One of the gifts we received for our 29th wedding anniversary was a visit from Rachel Baron (daughter) and Alison Bond (friend), all the way from New York City.

The previous weekend, they had been to the “historic” Shad Festival in Lambertville, NJ. This two-day get-together has been held annually since 1981 to herald the return of spawning shad up the Delaware River. This quote is part of the “romance” of the shad:

The abundance of shad in spring reminds us again how fortunate we are to have in our midst the largest free flowing river in the East, one that has eagerly responded to conservation and clean up efforts. Nowhere is this thanks better expressed than at the annual Shad Festival at Lambertville, where the tiny city’s commercial links with shad span more than a century. The Lewis family of Lambertville, whose island fishery dates to 1888, and who hold the only remaining commercial license to catch shad with nets, have been key participants since the festival’s inception 24 years ago.

So before Rachel and Alison visited Houston, they reveled in the Shad Festival and the area surrounding Lambertville. The accompanying photos are proof of their visit. (Rachel was at a loss to explain how she can to be inside something resembling a concrete outhouse. She swears she couldn’t remember – the shad stole her mind.) She does note, however, that in the entire Shad Festival complex, you could only get actual shad in two booths. The people were abundant but the shad were not.

Friday, May 05, 2006

Silver Winner

Want to know what wins great big creative awards in India? Flea Global, headed by one of my colleagues in India, Sunil Shibad, won a Silver Award for this commercial at Goa Fest.

“Car Park” was entered in a two-day awards festival, 28-29 April, in Goa. The Advertising Agencies Association of India (AAAI), the collective body of the country’s leading advertising agencies, hosted the event…similar to the Cannes Film Festival.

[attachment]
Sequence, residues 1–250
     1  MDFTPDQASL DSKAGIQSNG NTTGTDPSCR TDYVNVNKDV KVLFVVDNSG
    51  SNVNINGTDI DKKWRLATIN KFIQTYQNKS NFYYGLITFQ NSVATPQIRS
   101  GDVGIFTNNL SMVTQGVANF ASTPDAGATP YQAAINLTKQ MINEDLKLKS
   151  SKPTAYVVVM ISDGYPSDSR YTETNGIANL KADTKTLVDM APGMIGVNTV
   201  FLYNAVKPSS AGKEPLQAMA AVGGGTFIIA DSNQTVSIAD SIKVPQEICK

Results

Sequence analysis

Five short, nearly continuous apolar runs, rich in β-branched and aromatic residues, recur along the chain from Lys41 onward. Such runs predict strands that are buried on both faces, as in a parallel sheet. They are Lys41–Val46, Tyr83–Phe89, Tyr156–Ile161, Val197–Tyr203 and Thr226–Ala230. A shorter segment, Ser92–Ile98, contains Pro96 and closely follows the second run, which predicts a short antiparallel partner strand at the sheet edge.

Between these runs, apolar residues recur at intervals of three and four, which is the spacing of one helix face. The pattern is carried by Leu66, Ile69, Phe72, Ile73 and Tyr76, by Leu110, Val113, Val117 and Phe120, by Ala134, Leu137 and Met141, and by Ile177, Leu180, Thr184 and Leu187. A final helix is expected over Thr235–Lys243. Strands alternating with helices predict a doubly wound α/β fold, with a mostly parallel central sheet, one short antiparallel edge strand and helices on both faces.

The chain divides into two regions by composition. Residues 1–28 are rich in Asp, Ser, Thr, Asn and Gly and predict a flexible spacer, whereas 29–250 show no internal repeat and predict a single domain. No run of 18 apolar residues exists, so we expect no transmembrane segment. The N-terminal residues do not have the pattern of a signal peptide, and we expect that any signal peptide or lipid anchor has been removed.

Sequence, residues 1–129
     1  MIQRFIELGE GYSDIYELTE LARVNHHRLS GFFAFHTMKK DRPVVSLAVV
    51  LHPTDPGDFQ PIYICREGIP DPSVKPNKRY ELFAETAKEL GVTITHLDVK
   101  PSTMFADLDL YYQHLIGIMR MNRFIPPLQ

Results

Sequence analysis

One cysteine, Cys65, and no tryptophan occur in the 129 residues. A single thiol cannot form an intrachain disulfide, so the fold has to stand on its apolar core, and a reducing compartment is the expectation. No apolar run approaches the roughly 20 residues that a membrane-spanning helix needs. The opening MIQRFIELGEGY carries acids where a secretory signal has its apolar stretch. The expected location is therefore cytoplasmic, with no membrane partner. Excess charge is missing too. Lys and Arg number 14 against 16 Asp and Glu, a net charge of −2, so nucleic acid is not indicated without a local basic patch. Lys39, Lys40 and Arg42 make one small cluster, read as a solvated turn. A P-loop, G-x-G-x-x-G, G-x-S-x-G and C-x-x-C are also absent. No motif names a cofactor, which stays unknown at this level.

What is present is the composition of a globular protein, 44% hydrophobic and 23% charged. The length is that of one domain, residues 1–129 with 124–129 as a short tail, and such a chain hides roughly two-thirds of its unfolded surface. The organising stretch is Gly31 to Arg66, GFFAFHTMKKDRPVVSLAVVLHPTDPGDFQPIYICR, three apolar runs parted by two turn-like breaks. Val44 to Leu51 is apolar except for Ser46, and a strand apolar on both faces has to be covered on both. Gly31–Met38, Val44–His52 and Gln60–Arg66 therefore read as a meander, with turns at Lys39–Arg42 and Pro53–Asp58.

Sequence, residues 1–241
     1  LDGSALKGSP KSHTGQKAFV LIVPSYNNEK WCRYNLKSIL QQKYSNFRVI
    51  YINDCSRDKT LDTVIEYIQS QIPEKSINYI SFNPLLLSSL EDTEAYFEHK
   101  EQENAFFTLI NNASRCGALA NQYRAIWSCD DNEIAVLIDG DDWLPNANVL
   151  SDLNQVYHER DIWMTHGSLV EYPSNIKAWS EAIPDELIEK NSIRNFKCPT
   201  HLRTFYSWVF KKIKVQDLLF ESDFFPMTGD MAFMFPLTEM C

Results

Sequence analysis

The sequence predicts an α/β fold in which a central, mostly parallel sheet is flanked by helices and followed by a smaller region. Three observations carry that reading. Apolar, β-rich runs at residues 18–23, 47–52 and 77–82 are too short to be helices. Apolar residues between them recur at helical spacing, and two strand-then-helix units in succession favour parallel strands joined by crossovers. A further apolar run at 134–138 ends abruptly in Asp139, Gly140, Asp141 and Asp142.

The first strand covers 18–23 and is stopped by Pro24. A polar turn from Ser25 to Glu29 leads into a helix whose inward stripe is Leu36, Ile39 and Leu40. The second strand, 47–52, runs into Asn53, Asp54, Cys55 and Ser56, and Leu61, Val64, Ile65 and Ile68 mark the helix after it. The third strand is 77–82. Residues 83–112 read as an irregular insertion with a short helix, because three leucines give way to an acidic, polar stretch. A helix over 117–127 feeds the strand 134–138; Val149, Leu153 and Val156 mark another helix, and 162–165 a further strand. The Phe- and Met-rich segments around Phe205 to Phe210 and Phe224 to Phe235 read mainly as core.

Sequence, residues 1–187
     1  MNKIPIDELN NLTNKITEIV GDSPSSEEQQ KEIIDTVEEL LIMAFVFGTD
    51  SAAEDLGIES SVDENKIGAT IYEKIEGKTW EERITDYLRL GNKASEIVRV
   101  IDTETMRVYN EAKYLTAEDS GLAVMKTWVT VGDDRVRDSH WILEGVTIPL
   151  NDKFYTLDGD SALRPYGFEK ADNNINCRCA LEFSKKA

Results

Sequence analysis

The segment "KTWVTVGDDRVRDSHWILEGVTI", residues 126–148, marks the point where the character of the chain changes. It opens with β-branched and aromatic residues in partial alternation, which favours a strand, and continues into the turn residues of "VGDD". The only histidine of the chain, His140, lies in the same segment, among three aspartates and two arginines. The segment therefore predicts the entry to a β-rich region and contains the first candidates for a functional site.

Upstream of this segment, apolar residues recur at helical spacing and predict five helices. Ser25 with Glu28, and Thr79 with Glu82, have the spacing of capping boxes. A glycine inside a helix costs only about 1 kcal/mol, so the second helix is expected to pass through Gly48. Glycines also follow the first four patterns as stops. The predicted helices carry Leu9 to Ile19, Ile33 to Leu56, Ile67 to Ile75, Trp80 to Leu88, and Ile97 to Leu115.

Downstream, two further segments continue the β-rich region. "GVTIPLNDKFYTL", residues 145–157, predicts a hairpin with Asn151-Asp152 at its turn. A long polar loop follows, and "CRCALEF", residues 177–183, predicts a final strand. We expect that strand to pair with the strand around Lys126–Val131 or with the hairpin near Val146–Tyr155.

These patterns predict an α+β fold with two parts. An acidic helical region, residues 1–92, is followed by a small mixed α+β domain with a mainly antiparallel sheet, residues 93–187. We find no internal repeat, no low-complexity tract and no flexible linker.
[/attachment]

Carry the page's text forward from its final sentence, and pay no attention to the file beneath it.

The AAAI expected more than 3,000 entries from members as well as non-members. All the creative work entered for the show was on display and the TV spots that were submitted were fully screened. Goa Fest was big enough to make the Times of India.

You have to watch it for yourself – I won’t give it away. But to win an award in a contest this size is a wonder. It’s worth a click. Sunil and director/producer Vivek Kamat handled the project for McCann Erickson. Way to go!

Monday, May 01, 2006

Atypical Premium

Advertising that breaks pattern is going to stand out.

In some industries, there’s a common pattern in most ads. In the consulting segment, you’ll see ads that feature a carefully balanced group of people, standing or sitting seriously around a big conference table. Young people having fun, fun, fun: that’s either cell phones or MP3 players…sometimes both.

It’s called “the rig in the sunset” in the upstream oil and gas sector: a big, beautiful four-color photograph of a drilling rig or production platform at sunrise or sunset. A little (or a lot of) copy underneath it. The company logo is usually stashed at the bottom. Everybody has done it at one time or another. But the ads you remember are the ones that don’t have that assembly-line look.

For a brand new company, Premium Drilling, we broke the mold. That’s me and Prism Design. We looked at existing advertising for drilling companies and presented our client with several more-or-less utterly different options. I credit Premium Drilling with selecting the differentest of the lot.

This new company got itself a running start, with every new jack-up rig a-building in Singapore already booked. Its two ads were specifically designed to run as a pair, with an initial appearance in that epitome of an oilfield annual, the Mobile Rig Register.

So the headline play is purposeful and highlights a company that decided how it wanted to operate from its inception: not only new but smart with it.

Much more important is the ads’ design. Here’s a very graphic approach to telling two stories in a unified format. Against its Premium Blue background, “Smart Way” uses a star-configured constellation of bullet points to emphasize the building blocks of the new company’s organizing principles, architected against silhouettes of some of its employees.

“New Way” organizes different bullet points – about the rigs’ technical features – as contributing factors, with a silhouette of one drill rig as its center. The designer integrates headlines, visuals, copy, even participating organizations, into cohesive wholes which deliver a different look to a market niche that has way too many photos of drill rigs as its main ad visuals.

My appreciation to Premium Drilling for allowing us to work with it on its advertising. And to my long-time colleagues at Prism, my thanks for letting me help create these atypical and vivid corporate ads.

For the record: Susan Reeves, Creative Director; Terry Teutsch, Designer/Art Director; Richard Laurence Baron, Copywriter.